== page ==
[notice]Part 1 of a two article series that explores the postion that the Church should occupy in relation to politics[/notice]We are a few days away from the local government elections and we all have been thrust into the undesirable territory of being observers of South Africa’s political contestations.
I say undesirable because in our context and perhaps the rest of our continent, the political landscape is characterised by the exchange of insults, meaningless rhetoric, unedifying singing, and of cause gyration.
Instead of articulating their positions clearly it seems that politicians would rather take the option of whipping the masses into a frenzy. Almost all the parties are making the mistake of wanting to capitalise on other parties’ mistakes and shortcomings. Instead of us hearing what a political party stands for we are mainly hearing what they do not stand for. We are hearing more about what parties are against than what they are for.
Coupled with this nauseating situation in South Africa, we are also faced with the politics of this beloved continent and the rest of the world. I mean we are not insulated from what is happening in Zimbabwe, Libya, and Ivory Coast or in the Middle East. If we don’t have biblical position on dictatorship, graft, terrorism and other ills then we are left with one dominant position, and that is the one of politics.
Now one of the ways to divide the Church of God is to bring politics into the Church. We are not supposed to bring politics into the Church but rather the Church or the Kingdom of God into politics. This is why I don’t understand the current culture of allowing politicians to campaign in the church.
If church leaders feel their people need to be exposed to the manifesto of a political party then they should allow all political parties the space the air the views and distribute their paraphernalia. I suspect this may detract from the core mission of the church but at least it would be fair.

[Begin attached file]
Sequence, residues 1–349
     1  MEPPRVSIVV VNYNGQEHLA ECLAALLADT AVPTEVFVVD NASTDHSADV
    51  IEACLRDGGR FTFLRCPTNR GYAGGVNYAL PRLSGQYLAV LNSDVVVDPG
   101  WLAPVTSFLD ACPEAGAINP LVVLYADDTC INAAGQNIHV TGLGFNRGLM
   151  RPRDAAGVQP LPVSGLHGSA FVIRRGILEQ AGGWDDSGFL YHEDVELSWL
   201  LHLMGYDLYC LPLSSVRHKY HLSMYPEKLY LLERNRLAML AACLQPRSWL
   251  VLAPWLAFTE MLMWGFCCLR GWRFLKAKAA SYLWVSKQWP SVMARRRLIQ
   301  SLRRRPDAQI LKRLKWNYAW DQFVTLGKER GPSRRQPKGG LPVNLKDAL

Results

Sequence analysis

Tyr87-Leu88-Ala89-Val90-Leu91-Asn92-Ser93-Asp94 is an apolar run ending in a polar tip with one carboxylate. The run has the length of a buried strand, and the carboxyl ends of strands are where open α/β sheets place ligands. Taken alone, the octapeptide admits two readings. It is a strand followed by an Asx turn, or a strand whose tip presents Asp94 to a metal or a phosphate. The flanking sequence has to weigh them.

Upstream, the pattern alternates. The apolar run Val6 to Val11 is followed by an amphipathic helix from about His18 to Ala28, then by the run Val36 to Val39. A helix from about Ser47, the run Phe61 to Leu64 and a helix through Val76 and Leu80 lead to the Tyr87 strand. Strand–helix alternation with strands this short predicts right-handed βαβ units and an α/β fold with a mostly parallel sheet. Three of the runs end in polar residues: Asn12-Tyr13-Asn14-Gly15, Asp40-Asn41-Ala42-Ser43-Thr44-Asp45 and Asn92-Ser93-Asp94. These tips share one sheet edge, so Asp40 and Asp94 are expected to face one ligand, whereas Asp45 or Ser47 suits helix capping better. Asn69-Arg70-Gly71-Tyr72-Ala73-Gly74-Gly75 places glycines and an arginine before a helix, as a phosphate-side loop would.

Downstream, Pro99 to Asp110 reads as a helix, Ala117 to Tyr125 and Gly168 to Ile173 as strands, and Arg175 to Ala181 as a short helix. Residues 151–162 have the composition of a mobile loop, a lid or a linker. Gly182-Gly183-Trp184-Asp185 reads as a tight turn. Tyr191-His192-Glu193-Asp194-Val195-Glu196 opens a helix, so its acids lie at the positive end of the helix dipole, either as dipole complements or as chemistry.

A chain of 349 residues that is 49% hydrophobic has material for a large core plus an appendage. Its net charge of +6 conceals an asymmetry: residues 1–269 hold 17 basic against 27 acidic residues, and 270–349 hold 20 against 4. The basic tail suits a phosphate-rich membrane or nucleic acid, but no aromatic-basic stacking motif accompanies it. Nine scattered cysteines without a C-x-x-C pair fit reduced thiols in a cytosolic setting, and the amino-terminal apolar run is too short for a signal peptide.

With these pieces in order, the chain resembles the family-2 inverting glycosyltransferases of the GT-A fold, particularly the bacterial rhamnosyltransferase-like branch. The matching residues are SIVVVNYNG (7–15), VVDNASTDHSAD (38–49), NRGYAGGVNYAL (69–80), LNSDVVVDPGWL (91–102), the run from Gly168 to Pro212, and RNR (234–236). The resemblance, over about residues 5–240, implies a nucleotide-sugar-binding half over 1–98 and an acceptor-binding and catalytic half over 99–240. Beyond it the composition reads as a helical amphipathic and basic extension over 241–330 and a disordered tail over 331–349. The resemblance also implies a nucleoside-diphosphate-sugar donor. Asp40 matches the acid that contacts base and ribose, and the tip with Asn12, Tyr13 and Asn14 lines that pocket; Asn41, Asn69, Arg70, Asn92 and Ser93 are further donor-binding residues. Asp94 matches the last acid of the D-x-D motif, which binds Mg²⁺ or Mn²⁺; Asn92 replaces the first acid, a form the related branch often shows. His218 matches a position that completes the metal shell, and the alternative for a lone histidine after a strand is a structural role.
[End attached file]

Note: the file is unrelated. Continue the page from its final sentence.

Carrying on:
What really is the position the Church is to occupy in relation to politics? In fact, what position should the Church take on business, sports, education, or anything for that matter? Jesus told His disciples to seek first the kingdom of God. He also told them that this or His kingdom is not of this world and they – the disciples – are not of this world. This therefore means that the Church cannot take a worldly position on anything. She cannot take her cue from the world. She should not be a trend follower but a trend setter.
Trends haves already been set but none of them have been set by God. Who set them and from what source were they derived? Jesus said whoever is not for Him is against Him. It is the Lord who gives people a mandate to govern and it is He who refreshes that mandate if those people continue to walk uprightly before Him. This is what happened to the kings of Israel.
John said we should not love the world and anything that is in the world and James on the other hand said if we love the world then we become enemies of God. These are strong words which we should not take lightly. What both John and James meant was the system of the world or the way the world does things. Politics itself is only a domain amongst many domains we have in God’s kingdom. It is the way in which politics is done that God says we should not love.
Politics are about the enactment of policies that would govern a nation. It is how we want our nation to be governed that determines which political parties we lend our support to. And how we want our nation to be governed should be how God wants it to be governed.
We are not an election fodder and neither are we to have blind loyalty towards a person or party. Our loyalty should be towards God and Him alone lest we fall into that sin which became Israel’s Achilles’ heel – idolatry.